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Rands, from Chaconne to Chowder

New York
Miller Theater, Columbia University
11/13/2014 -  
Composer Portraits
Bernard Rands: Folk Songs (New York premiere) – Memo 6 – Concertino – déjà

Anthony Roth Costanzo (Counter-tenor), Ryan Muncy (Alto Saxophone), Nicholas Masterson (Oboe)
International Contemporary Ensemble, Christian Knapp (Conductor)
Claire Chase (Interlocutor)

B. Rands (© Courtesy of the Artist)

“I revere two things,” said composer Bernard Rands in this 80th Birthday Celebration last night. “I revere instruments, and I revere the people who play these instruments.”

That was certainly obvious in the four pieces played last night. Outside of brilliance, inspiration, and an almost unnerving homage to his teacher and friend, Luciano Berio, they had little similarity. In déjà, we had a work with its aleatory moments, where each member of the ensemble could signal in other members, who would have choices to play. In Media 6, the solo saxophone player could have been playing one of Berio’s Sequenzas, a solo virtuosity.

Concertino explored the sheer virtuosity of an oboist, against the shimmering colors of harp, string and winds. And finally, with Folk Songs, we had an almost literal homage to Berio, who wrote his own Folk Songs with a half-dozen different languages.

And now a confession, that though Mr. Rands is honored internationally, and has been a celebrated figure throughout the United States, I had (gulp) never heard of the composer before hearing of this concert. Twas a sin of omission. But after listening to Concertino on YouTube, I felt it necessary to make his musical acquaintance at the Miller Theater “Composer Portraits”.

In one way, this was difficult, for the paper listing the music not only omitted the list of ensemble musicians, it didn’t have a word of explanation.

Some music needs, if not a detailed map, at least a few landmarks to point the way. Even the scholars and musicians who made up the bulk of the audience were heard complaining. So this Rands-neophyte was lost, at least in the solo Media6, which was like free jazz without a rhythm.

To the fine soloist, Ryan Muncy, I plead nole contendre and mea culpa.

In the post-intermission conversation with the sprightly composer, flutist Claire Chase showed us that déjà was inspired by the grammar of Samuel Beckett, and an original form of logic. Little was said about the other works, but Folk Songs, which hardly needed introductions was delved into as an “autobiographical” list of songs to places where Mr. Rands had lived.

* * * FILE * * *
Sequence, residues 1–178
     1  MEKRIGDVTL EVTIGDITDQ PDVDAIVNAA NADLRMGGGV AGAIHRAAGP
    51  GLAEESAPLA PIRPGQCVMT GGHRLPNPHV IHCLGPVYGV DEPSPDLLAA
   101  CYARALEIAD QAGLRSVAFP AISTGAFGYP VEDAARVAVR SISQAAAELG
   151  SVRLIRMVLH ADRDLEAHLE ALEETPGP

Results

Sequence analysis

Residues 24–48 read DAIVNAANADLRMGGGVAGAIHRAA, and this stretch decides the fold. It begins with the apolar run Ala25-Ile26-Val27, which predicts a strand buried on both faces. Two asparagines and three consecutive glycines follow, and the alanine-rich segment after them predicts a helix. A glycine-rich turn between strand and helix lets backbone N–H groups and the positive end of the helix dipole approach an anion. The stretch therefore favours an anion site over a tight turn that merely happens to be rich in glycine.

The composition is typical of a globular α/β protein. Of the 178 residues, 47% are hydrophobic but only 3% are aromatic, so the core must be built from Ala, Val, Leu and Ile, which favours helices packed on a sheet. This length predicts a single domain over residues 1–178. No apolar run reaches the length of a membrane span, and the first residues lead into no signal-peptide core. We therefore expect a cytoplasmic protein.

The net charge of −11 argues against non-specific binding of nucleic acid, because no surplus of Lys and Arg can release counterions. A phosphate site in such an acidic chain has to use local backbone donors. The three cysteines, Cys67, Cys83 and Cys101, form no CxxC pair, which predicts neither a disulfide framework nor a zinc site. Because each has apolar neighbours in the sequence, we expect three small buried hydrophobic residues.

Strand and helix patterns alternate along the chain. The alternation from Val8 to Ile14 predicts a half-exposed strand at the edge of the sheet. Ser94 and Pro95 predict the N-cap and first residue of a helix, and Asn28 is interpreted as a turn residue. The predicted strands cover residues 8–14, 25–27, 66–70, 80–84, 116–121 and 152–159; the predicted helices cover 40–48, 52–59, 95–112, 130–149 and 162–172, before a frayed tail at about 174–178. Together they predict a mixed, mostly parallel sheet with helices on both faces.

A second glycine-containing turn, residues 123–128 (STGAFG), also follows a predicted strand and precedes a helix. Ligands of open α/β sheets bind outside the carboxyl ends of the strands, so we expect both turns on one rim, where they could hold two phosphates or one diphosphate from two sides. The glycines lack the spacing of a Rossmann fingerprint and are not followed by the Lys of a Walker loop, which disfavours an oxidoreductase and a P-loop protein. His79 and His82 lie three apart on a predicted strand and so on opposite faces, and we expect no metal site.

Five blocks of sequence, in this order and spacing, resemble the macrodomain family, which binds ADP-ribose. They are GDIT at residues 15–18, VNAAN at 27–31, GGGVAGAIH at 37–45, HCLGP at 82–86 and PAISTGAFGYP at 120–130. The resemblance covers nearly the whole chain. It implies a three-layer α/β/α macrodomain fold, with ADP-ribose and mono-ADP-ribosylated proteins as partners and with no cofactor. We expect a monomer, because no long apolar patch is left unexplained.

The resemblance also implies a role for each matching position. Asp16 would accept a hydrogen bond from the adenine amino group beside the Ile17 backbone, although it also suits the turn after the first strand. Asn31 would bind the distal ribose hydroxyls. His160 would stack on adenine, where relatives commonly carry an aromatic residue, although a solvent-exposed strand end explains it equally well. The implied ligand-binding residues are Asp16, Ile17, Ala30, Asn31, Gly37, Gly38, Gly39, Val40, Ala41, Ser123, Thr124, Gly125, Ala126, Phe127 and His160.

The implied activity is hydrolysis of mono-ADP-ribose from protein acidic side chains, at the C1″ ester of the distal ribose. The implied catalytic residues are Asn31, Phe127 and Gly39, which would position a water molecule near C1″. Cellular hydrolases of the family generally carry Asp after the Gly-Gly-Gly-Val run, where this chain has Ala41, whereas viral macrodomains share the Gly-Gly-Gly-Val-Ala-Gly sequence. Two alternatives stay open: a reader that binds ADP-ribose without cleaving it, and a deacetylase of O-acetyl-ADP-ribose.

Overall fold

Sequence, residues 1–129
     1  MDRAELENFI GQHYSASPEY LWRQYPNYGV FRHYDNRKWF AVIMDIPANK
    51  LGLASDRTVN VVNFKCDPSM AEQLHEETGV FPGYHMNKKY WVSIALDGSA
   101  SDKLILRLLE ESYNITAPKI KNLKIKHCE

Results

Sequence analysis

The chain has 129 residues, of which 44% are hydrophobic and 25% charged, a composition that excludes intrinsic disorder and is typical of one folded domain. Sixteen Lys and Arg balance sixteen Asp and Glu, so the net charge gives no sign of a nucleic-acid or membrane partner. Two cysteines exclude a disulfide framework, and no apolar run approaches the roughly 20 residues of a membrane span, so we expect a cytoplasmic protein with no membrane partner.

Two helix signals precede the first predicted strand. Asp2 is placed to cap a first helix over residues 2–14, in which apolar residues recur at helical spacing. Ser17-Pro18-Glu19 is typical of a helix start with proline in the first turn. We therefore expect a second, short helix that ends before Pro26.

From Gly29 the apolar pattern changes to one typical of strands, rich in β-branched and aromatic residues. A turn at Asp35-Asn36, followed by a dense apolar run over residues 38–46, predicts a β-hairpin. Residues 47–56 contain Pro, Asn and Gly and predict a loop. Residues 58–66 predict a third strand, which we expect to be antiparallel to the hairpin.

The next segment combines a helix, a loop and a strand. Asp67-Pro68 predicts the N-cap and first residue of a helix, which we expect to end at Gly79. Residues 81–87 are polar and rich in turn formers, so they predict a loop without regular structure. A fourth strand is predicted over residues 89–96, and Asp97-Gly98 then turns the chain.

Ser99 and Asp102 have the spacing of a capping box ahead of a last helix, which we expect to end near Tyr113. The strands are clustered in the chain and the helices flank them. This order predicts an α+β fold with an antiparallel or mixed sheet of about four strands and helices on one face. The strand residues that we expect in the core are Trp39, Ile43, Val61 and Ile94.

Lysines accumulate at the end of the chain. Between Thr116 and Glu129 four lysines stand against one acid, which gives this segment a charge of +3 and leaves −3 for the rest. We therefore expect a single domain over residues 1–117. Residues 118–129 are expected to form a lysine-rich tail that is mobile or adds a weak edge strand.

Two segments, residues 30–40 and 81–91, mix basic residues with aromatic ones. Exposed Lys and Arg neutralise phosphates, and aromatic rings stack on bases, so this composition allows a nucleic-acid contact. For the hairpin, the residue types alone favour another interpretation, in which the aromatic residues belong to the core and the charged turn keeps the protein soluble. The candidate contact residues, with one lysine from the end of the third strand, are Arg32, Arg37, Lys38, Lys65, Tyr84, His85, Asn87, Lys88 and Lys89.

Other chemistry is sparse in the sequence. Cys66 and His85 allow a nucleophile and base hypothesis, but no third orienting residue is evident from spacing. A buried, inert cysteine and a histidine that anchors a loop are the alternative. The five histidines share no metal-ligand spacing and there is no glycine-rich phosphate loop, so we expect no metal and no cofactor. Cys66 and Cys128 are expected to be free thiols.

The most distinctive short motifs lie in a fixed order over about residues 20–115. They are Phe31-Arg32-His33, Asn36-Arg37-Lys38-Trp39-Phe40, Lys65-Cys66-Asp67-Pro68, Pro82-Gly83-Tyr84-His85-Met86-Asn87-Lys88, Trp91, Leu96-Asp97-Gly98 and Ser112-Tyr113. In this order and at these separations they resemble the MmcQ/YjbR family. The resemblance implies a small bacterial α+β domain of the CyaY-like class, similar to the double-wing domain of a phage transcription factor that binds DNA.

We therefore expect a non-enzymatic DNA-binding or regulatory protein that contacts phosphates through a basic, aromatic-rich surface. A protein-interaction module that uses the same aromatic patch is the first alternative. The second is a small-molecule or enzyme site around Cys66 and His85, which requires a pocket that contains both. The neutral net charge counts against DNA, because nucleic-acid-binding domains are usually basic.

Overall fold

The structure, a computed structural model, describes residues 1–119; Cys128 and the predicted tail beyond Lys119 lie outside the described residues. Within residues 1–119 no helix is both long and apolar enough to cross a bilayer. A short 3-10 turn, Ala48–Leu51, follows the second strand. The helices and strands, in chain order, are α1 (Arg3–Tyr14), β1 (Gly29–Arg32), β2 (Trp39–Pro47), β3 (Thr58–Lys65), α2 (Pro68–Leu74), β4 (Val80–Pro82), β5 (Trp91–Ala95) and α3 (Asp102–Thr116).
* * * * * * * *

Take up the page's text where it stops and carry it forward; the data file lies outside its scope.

Still, if little cerebral understanding, much primary enjoyment, to be sure.

déjà had the benefit of a beautiful piano repeated theme, a chaconne or organum, taken apart by the strings and percussion player, then varied, and mixed together with (as I learned later) a mixture of compositions which would be original each time it was played.

Concertino featured oboist Nicholas Masterson, who not only started with an improvisatory solo, but played virtually throughout the 15 minutes. The structure was a tabula blanca to this listener, but the organization of sounds was actually thrilling. The combination of harp (not glissando harp, but twanging note by note harp) with oboe with strings and winds and tiny cymbals in the percussion was dazzling on its own, as was Mr. Masterson.

A. T. Costanzo (© setcelebs.com)

The final half was devoted first to the discussion by Ms Chase and Mr. Rands, and then to the simplest and most fascinating work, Folk Songs. The languages were Welsh, English, Scots, Spanish, Italian and one or two I didn’t recognize. (Just as Berio in his Folk Songs has a song in “Azerbaijani” which he took down by rote. Actually Azerbaijani is simply a form of Turkish.)

The soloist was the famed, personable, delightful and absolutely spot-on counter-tenor Anthony Roth Costanzo, who had been wildly praised after appearing as Fledermaus’ “Count Orlovsky” at the Met.

These songs were exactly like the Berio: continuous, with musical interludes, with ensemble harmonies that reflected the moods, with dissonances only when necessary, with work that showed an honest appreciation for every nuance.

Mr. Costanzo took advantage of each syllable, his voice as precise as the ensemble (which chimed in at the end of the Scots song “Without a Hat”.) Were this group to record Rands’ Folk Songs, it will be in a place of honor along with my Berio Folk Songs.

In the meantime, the opening Irish folk song, “Missus Murphy’s Chowder”, is one of the funniest pieces I’ve heard in years. The whole thing is hilarious, but let me end this quite inadequate review with a most adequate verse:

The plumber died the other day; /They embalmed him right away/In a bowl of Mrs. Murphy’s Chowder.”

And amen to all that.

Harry Rolnick



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